Bringing together classic and new writings of the trailblazing feminist theorist Chandra Talpade Mohanty, Feminism Without Borders addresses some of the most pressing and complex issues facing contemporary feminism. Forging vital links between daily life and collective action and between theory and pedagogy, Mohanty has been at the vanguard of Third World and international feminist thought and activism for nearly two decades. This collection highlights the concerns running throughout her pioneering work: the politics of difference and solidarity, decolonizing and democratizing feminist practice, the crossing of borders, and the relation of feminist knowledge and scholarship to organizing and social movements. Mohanty offers here a sustained critique of globalization and urges a reorientation of transnational feminist practice toward anticapitalist struggles. More ...
Physiology and the Literary Imagination: Romantic to Modern
John Gordon '67 is the author of Phisiology and the Literary Imagination: Romantic to Modern, an impressive scholarly study, unique in its approach, which explores the impact of medical developments on writers including Wordsworth, Dickens, Gerard Manley Hopkins, Eliot, Joyce, Dylan Thomas and Sylvia Plath, as reflected in their works. By painstakingly analyzing their writings, Gordon, a professor of English at Connecticut College, casts new light on literary inspiration in seven significant authors spanning almost two centuries. More ...
Debating the Kennedy Presidency
Stephen Rabe, whose publications include three monographs on U.S. relations with Latin America, is a professor of history at the University of Texas at Dallas. In this work, he joins with James N. Giglio, a professor of history at Southwest Missouri State University, in examining the foreign policy of John F. Kennedy and its legacy. In their respective essays, to which pertinent documents are appended, they offer challenging interpretations and provocative views. Although they agree on some points, Professor Giglio largely defends the Kennedy record while Professor Rabe is more critical, depicting Kennedy as “a relentless cold warrior who perpetuated the Cold War more than he resolved it.” The book is ideal for stimulating discussion both in and outside of the classroom. More ...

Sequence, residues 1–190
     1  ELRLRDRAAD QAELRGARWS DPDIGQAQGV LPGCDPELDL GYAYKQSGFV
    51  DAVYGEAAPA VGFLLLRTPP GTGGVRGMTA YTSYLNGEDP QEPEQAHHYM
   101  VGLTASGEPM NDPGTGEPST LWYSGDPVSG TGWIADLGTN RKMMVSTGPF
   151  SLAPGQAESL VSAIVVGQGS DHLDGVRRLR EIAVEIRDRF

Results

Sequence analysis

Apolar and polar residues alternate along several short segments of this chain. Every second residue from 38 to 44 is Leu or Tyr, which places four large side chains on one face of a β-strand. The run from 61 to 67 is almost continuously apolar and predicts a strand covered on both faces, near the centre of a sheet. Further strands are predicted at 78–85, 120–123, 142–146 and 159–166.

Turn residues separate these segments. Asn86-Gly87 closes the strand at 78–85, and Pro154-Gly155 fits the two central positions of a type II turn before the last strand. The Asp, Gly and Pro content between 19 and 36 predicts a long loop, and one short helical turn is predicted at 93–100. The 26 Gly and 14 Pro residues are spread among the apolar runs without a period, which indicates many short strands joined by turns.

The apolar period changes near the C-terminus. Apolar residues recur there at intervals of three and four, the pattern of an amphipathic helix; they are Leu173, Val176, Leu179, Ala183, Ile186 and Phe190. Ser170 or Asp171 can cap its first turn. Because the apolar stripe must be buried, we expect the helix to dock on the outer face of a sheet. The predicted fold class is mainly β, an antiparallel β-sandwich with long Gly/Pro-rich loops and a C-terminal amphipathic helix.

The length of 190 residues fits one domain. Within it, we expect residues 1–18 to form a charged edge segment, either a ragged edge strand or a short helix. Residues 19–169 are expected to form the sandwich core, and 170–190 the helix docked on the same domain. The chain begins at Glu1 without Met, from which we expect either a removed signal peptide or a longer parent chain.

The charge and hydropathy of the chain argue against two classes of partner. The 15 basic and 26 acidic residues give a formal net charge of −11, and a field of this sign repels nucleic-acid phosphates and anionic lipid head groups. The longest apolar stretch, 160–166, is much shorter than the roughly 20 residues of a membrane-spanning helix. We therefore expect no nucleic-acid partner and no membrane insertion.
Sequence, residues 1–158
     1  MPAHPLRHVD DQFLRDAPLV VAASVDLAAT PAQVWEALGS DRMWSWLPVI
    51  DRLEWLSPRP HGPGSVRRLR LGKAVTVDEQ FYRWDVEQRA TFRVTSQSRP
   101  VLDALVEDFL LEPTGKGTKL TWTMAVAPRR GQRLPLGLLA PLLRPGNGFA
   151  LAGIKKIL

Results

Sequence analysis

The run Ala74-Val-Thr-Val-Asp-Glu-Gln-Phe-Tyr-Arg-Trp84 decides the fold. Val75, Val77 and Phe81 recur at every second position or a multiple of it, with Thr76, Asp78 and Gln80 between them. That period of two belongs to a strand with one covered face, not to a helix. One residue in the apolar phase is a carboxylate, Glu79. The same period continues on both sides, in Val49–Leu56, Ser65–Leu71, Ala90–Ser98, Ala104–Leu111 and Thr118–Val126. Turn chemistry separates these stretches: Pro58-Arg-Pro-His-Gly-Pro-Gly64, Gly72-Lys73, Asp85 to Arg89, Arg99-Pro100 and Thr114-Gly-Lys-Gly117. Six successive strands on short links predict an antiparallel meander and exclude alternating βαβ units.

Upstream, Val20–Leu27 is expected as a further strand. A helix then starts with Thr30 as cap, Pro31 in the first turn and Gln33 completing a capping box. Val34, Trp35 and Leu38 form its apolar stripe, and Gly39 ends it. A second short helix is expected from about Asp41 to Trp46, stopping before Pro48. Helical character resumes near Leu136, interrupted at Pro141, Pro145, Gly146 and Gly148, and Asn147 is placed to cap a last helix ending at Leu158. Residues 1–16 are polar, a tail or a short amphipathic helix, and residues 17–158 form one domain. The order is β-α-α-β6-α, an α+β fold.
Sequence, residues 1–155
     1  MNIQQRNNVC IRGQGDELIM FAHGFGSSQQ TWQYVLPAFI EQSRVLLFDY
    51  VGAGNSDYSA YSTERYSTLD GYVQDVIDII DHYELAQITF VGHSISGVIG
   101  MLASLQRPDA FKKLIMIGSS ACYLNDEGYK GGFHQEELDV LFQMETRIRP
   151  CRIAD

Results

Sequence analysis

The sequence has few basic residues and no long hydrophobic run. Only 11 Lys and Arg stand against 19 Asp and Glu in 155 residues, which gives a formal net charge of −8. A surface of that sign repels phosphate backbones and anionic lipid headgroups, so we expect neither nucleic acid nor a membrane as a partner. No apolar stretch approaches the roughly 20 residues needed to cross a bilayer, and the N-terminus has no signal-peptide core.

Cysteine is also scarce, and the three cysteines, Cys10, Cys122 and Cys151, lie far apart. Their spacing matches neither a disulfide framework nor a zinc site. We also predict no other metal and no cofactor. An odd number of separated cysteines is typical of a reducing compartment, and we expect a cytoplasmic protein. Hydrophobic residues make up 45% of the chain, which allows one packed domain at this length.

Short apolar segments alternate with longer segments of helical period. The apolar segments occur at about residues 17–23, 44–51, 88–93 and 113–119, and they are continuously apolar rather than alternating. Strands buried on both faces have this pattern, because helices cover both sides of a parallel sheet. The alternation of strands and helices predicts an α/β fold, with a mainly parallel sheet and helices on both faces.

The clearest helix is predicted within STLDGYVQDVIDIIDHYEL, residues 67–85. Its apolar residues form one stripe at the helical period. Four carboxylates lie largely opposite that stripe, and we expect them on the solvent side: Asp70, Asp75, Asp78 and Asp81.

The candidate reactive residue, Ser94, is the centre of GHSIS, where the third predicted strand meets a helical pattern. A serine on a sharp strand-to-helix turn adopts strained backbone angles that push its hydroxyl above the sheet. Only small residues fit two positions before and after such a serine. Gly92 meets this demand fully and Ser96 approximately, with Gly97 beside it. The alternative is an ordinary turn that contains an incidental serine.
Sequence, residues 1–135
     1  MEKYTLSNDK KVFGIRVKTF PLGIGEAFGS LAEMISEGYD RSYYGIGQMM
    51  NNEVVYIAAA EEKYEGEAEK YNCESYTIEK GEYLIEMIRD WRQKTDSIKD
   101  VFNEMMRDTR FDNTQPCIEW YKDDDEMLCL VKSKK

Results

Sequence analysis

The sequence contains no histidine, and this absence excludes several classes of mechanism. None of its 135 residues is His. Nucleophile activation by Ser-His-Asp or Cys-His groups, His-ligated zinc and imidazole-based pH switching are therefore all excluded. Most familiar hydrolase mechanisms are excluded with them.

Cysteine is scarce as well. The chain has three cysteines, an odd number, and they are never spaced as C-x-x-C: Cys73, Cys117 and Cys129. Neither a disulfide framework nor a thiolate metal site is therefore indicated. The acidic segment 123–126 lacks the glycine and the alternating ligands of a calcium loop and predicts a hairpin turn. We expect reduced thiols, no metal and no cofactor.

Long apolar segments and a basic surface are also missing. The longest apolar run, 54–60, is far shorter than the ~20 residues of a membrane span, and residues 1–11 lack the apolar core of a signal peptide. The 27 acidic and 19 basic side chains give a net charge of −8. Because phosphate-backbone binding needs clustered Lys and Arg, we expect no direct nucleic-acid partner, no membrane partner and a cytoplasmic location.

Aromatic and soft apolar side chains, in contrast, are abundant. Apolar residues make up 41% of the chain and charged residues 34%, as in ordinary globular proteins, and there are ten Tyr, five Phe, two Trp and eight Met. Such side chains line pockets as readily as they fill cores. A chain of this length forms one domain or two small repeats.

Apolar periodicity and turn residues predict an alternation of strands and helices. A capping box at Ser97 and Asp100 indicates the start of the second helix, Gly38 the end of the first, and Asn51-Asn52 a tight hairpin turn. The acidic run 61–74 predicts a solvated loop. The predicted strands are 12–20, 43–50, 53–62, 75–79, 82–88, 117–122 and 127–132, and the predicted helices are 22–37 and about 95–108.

After the Hunt: The Art Collection of William B. Ruger
In After the Hunt, Adrienne Ruger Conzelman catalogs the art collection of her grandfather, arms maker William B. Ruger. The American West and sporting art are most prominent in his collection—Seth Eastman's Winnebago Encampment, Alexander Phimister Proctor's The Indian Warrior, and Frank Tenney Johnson's Cowboy on Horseback are examples.Adrienne Ruger Conzelman has a graduate degree in American art and works in the art field(www.barnesandnoble.com). More ...
Is This Heaven? The Magic of the Field of Dreams
Brett H. Mandel '91 is the author of Is This Heaven? The Magic of the Field of Dreams, about the some 75,000 people a year who make a pilgrimage to the baseball diamond carved out of a northeast Iowa cornfield for the 1989 film Field of Dreams. Why do they do it? Mandel addresses that question by relating the stories, often poignant, of those who seek, and frequently find, comfort, fulfillment and even redemption at that make-believe place, which has somehow taken on mystical reality. More ...